With COP26 described as the world’s “best last chance” to get runaway climate change under control, Michael Alexander speaks to several Tayside and Fife organisations pursuing visions of a sustainable future.
It’s six years since world nations came together to sign the Paris Agreement, throwing down the gauntlet for a world of warming ‘well below two degrees Celcius’ compared to pre-industrial times, and below 1.5C if possible.
Amid fresh warnings that the world is not on track to meet these targets, COP26 has been described as the world’s “best last chance” to get runaway climate change under control.
Despite the gloomy warnings, however, many Tayside and Fife businesses and community groups continue pursuing their vision of a sustainable future.
It was the long hot summer of 1976 that sowed the seeds of Angus entrepreneur Carolyn Hogg’s passion for saving water.
As a 14-year-old pupil at Dundee High School, she remembers watching John Noakes and other members of the Blue Peter team give water saving tips on TV during the drought.
However, it was some years later, when her own teenagers were prone to taking “long hot 17 minute showers” that she was struck by how much water and energy was being wasted.
“I began to realise that saving water was not just a good idea but a global necessity,” says Carolyn, a former Scottish athletics champion who retired from Arbroath High School in April.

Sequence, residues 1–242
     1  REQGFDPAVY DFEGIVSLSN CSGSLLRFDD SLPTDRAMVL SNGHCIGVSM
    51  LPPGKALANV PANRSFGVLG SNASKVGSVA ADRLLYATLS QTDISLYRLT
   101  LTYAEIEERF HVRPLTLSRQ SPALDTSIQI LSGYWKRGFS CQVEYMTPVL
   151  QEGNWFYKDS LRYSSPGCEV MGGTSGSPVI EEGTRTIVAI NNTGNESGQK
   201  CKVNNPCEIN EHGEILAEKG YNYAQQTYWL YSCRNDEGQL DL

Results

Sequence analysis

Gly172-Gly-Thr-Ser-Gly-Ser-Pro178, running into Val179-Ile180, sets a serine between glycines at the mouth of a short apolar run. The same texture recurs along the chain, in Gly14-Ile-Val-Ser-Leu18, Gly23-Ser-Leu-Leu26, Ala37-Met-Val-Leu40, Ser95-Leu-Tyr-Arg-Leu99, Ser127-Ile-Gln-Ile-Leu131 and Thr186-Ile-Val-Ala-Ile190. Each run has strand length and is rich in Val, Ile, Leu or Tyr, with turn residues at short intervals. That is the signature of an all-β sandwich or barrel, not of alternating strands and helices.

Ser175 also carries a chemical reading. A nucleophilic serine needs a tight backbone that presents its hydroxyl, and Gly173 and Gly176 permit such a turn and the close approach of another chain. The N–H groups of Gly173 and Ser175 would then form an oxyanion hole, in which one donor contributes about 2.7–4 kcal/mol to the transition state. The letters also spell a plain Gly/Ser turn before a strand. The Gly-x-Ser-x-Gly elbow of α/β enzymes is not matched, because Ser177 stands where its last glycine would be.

“Water is a key resource and due to the effects of climate change, water supply is being severely affected. Rainfall has changed with too much, too little and/or in the wrong place.
“But processing water and sewage is also responsible for 8% of global greenhouse gas emissions.
“It takes significant amounts of energy for water companies to supply water and remove sewage to and from our cities, towns and villages.”
Carolyn’s fate was sealed in 2009 when, as a divorced single parent of four boys, she met inventor and engineer Peter Holdsworth who was working on developing domestic grey water reuse systems.
Today, the couple run Arbroath-based Cascade Water Products which has created Aqua Gratis – a system which processes waste water from showers and baths which it then utilises to flush toilets.
The small size of the Aqua Gratis means that it can be fitted into a domestic property and removes the need to use drinking water to flush the toilet, saving more than 30% of water in the average home.